In December 2007, the FASB issued SFAS No. 160, “Accounting and Reporting of Noncontrolling Interests in Consolidated Financial Statements, an amendment of ARB No. 51” (codified under ASC 810 “Consolidation”). SFAS No. 160 amends Accounting Research Bulletin No. 51 to establish accounting and reporting standards for the noncontrolling interest in a subsidiary and for the deconsolidation of a subsidiary. SFAS No. 160 also changes the way the consolidated financial statements are presented, establishes a single method of accounting for changes in a parent’s ownership interest in a subsidiary that do not result in deconsolidation, requires that a parent recognize a gain or loss in net income when a subsidiary is deconsolidated and expands disclosures in the consolidated financial statements that clearly identify and distinguish between the parent’s ownership interest and the interest of the noncontrolling owners of a subsidiary. The provisions of SFAS No. 160 have been applied retrospectively for all periods presented beginning November 1, 2009.
Equity gains (losses) of unconsolidated affiliates
Equity gains (losses) represent investments in affiliates in which the Company does not exercise control and has a 20 percent or more voting interest. Such investments in affiliates are accounted for using the equity method of accounting. If the fair value of an investment in an affiliate is below its carrying value and the difference is deemed to be other than temporary, the difference between the fair value and the carrying value is charged to earnings. The Company has an equity interest in six affiliates, and the equity earnings of these interests were recorded in net income. Equity gains (losses) for the six months ended April 30, 2010 and 2009 were $0.1 and ($0.6) million, respectively. There were no dividends received from our equity method subsidiaries for the six months ended April 30, 2010 and $0.5 million received for the six months ended April 30, 2009.
Noncontrolling interests
The Company has noncontrolling interests in various companies. The noncontrolling interests reflect the portion of earnings or losses of majority owned operations which are applicable to the noncontrolling interest partners. Noncontrolling interests for the six months ended April 30, 2010 and 2009 were $3.6 million and $0.4 million, respectively, and were deducted from net income (loss) to arrive at net income (loss) attributable to the Company.
NOTE 17 — COMPREHENSIVE INCOME
Comprehensive income is comprised of net income and other charges and credits to equity that are not the result of transactions with the Company’s owners. The components of comprehensive income are as follows (Dollars in thousands):
                                 
    Three months ended     Six months ended  
    April 30     April 30  
    2010     2009     2010     2009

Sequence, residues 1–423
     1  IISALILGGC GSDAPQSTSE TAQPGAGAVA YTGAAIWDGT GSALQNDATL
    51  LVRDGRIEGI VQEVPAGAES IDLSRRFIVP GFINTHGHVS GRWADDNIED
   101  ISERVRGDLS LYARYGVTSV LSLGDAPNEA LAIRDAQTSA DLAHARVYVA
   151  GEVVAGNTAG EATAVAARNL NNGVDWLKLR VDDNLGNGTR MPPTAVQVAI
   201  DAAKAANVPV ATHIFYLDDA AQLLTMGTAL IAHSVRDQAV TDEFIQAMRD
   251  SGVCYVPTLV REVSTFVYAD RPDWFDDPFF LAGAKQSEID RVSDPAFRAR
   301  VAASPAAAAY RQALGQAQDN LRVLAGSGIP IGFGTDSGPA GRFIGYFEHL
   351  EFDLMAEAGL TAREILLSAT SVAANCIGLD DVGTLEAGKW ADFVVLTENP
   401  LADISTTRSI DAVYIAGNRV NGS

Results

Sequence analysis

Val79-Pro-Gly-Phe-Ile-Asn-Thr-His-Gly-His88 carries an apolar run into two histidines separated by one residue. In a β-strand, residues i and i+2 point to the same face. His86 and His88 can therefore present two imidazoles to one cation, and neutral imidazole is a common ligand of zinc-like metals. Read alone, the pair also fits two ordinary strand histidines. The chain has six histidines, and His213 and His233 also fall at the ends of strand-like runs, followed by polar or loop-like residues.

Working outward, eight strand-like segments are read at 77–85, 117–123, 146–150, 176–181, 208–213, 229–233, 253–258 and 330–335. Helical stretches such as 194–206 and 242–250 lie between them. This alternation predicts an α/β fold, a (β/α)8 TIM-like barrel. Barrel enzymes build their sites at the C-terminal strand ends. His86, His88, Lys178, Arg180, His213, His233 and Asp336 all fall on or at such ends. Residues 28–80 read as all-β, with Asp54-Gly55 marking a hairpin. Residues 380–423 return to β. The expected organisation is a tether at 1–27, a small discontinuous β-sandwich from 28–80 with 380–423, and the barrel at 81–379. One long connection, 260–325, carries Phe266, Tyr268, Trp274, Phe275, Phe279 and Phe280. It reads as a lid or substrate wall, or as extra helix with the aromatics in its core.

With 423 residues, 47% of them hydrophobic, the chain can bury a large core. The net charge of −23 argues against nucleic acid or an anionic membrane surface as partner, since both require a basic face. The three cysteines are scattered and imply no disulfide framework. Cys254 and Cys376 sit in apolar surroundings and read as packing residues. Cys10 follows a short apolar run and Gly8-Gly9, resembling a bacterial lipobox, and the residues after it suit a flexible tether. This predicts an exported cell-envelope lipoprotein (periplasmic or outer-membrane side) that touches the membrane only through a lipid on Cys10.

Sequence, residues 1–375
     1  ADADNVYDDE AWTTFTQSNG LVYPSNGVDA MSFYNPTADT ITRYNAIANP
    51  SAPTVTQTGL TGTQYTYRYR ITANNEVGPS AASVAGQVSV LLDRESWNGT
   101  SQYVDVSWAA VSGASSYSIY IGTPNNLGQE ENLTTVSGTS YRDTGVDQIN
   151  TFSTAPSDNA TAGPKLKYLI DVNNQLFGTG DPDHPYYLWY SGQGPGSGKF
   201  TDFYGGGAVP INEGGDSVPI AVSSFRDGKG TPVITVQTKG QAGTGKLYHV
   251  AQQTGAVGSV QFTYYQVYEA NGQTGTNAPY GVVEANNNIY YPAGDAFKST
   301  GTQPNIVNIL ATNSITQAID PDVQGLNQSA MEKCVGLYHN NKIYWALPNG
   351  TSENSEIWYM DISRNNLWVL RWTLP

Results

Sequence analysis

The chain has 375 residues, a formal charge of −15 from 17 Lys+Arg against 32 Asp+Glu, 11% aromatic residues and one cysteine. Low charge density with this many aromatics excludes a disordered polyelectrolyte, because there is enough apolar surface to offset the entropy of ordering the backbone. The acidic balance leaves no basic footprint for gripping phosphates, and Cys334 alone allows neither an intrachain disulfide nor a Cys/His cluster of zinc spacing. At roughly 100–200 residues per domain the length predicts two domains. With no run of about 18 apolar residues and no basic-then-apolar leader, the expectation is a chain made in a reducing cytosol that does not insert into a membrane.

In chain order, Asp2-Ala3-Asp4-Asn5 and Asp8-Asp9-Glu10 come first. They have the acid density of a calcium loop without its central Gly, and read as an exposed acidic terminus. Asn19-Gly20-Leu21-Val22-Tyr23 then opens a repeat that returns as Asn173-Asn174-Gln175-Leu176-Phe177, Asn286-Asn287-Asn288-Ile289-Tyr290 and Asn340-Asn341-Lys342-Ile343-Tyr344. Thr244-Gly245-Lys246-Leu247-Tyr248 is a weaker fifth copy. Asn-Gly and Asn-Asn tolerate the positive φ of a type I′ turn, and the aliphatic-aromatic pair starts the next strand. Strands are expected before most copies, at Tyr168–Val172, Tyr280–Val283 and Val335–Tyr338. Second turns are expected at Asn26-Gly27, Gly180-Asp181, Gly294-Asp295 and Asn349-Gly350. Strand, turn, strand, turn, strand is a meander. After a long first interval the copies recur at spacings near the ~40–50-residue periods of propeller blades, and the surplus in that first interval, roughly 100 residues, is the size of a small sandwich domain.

(As Adjusted)             (As Adjusted)  
Net income (loss)
  $ 44,832     $ 1,546     $ 71,063     $ (272 )
Other comprehensive income (loss):
                               
Foreign currency translation adjustment
    (75,229 )     (9,423 )     (92,128 )     (38,332 )
Changes in fair value of interest rate derivatives, net of tax
    784       1,104       1,467       788  
Changes in fair value of energy and other derivatives, net of tax
    (189 )     2,972       (11 )     1,917  
Minimum pension liability adjustment, net of tax
    553       547       943       (591 )
 
                       
Comprehensive income (loss)
  $ (29,249 )   $ (3,254 )   $ (18,666 )   $ (36,490 )
 
                       

 

22


 

The following is the income tax benefit (expense) for each other comprehensive income (loss) line items:
                                 
    Three months ended     Nine months ended  
    April 30     April 30  
    2010     2009     2010     2009  
            (As Adjusted)             (As Adjusted)  
Income tax benefit (expense):
                               
Changes in fair value of interest rate derivatives, net of tax
    (422 )     (594 )     (790 )     (424 )
Changes in fair value of energy and other derivatives, net of tax
    102       (1,600 )     6       (1,032 )
Minimum pension liability adjustment, net of tax
    (131 )     (237 )     (228 )     323  
NOTE 18 — BUSINESS SEGMENT INFORMATION
The Company operates in four business segments: Rigid Industrial Packaging and Services, Flexible Products and Services, Paper Packaging, and Land Management.
Operations in the Rigid Industrial Packaging and Services segment involve the production and sale of industrial packaging products, such as steel, fibre and plastic drums, intermediate bulk containers, closure systems for industrial packaging products, transit protection products, polycarbonate water bottles, and services such as blending, filling and other packaging services, logistics and warehousing. These products are manufactured and sold in over 45 countries throughout the world.